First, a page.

Rather than point you to the sources you seek, I would offer a word of caution.
It is hard to get the core issues because this has become such a politically divided issue. I have yet find a site that doesn't have some sort of bias.
There is a great deal of hate on both sides of the debate. Because of this, the sides won't listen to each other and this leads to misunderstandings of definitions. For example, both sides of the debate generally agree that the Earth has warmed, but the AGW crowd is convinced that the skeptics are denying the fact that temperatures have risen.
There are a lot of appeals to authority. Words like "consensus" are thrown around a lot. Ignore that.
You seem to be a sincere seeker of truth. You will likely find yourself swinging from one side to the other as you learn additional things. That's normal. Keep with it and you'll eventually find an answer that satisfies you.
Gnissem writes: Where can a reasonably educated layperson read the pro and con evidence for global warming? Maybe even with real data that can be understood by someone who remembers their college math and physics. I'm asked all the time by friends and relatives for my opinion on global warming, and I always hesitate to answer. Yes it seems like far more 'experts' believe it is real than not, but I don't want to just parrot the words of someone else. I'd like to try to decide for myself. Everything I have read is either far too simple, or written for atmospheric scientists, or so clearly approaching the evidence with a strong pre-existing bias. Isn't there anyone who, like me, hasn't made up their mind and has reviewed and presented the evidence before coming to a conclusion?
I know what you mean about the irresponsible user, and certainly that will happen. But consider the scenario you describe. There is no "root" user to log in as such on Ubuntu. Certainly some clowns will write apps to exploit users' stupidity, but Ubuntu (among others) are so much a part of the F/OSS community that said clowns should be kept in check pretty well. I'm not saying exploits won't happen, but I do believe that they will be far less of a problem than Windows users are used to.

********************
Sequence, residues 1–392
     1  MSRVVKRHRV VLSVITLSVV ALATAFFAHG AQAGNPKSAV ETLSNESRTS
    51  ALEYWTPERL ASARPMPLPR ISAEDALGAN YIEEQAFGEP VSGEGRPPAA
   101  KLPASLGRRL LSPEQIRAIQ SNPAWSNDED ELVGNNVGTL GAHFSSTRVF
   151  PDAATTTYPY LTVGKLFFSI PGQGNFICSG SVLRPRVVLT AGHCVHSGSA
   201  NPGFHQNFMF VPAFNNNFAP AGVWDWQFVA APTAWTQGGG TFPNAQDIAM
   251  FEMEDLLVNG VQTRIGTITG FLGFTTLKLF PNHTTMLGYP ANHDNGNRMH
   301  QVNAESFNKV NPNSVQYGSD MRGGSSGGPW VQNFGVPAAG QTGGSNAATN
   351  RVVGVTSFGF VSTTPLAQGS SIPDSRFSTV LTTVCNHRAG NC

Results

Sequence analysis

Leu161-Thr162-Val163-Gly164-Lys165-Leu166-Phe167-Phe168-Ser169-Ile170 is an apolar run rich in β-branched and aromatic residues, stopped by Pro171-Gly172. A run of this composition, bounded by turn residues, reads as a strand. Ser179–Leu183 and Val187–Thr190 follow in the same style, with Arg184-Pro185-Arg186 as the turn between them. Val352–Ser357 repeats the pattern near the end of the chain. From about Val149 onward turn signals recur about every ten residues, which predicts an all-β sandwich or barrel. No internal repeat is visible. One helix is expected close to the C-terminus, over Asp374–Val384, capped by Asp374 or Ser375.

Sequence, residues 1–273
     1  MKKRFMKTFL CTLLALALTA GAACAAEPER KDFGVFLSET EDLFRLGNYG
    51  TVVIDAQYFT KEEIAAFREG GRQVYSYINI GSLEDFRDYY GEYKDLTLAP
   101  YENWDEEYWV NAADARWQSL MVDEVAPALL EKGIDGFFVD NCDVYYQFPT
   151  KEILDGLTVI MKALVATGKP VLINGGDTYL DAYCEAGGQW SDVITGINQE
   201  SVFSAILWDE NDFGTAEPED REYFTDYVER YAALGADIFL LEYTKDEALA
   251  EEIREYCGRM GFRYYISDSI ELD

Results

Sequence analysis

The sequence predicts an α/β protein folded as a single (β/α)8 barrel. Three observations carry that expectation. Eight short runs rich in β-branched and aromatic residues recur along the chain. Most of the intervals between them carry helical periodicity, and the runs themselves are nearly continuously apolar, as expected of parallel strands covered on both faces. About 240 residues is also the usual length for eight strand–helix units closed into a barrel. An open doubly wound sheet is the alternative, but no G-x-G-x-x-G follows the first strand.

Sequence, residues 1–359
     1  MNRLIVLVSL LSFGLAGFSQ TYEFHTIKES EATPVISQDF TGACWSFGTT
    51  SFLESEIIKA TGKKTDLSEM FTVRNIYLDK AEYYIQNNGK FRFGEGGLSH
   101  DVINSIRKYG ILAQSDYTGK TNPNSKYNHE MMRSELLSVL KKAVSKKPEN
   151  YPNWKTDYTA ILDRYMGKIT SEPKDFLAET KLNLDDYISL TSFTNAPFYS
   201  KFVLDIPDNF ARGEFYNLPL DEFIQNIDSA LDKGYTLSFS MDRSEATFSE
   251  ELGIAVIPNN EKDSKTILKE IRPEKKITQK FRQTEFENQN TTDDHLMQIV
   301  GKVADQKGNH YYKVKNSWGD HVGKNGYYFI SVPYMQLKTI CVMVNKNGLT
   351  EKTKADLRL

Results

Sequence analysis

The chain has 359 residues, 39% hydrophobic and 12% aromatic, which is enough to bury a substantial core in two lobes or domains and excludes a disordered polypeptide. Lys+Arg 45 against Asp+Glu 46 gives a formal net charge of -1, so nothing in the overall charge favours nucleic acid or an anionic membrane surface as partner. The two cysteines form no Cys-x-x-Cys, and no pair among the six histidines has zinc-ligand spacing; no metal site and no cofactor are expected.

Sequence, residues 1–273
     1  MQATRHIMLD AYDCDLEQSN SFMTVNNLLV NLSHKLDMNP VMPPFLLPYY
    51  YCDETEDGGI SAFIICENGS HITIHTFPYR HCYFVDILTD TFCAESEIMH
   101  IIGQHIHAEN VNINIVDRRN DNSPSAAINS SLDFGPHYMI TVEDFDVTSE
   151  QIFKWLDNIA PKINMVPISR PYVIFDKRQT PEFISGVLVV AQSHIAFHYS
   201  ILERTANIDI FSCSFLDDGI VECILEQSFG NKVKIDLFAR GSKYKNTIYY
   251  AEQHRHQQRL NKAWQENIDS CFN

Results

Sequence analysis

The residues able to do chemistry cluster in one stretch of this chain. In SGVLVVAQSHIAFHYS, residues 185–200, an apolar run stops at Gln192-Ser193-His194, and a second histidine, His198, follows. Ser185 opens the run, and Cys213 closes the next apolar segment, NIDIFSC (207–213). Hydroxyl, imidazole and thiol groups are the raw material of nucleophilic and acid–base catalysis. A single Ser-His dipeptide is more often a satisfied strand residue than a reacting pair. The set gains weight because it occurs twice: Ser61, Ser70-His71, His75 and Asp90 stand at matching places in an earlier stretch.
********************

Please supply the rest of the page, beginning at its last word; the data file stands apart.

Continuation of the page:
If you are interested in AV for Linux, I have a bridge I'd like to sell you. I grow weary of the myth that Windows has viruses only because it dominates the market. Unix-like operating systems are simply built better. You have to work really hard to get those OSes to be insecure. Please research the matter, then come back and post your apology.
For a long time Microsoft was a growth stock, and their P/E of 30 reflected that. Investors really expected that to continue as their server "products" displaced Unix, foreign markets began to flourish, and embedded products opened up to them. I personally believe that their stock has stayed put for so long simply because all three of these growth strategies were stymied, most often by Linux and/or other F/OSS.
You got a "+5 Insightful," and I would agree with the mods, but your reply was non sequitur to the GP. His/her point was that the time and money investment will likely not pay for itself. Your bottom line was, well, this: "The bottom line is that you go back to school because you love the subject." That's fine, but that wasn't what the GP was saying.
I will add as well that going back to school is not the only way to pursue an interest in a loved subject.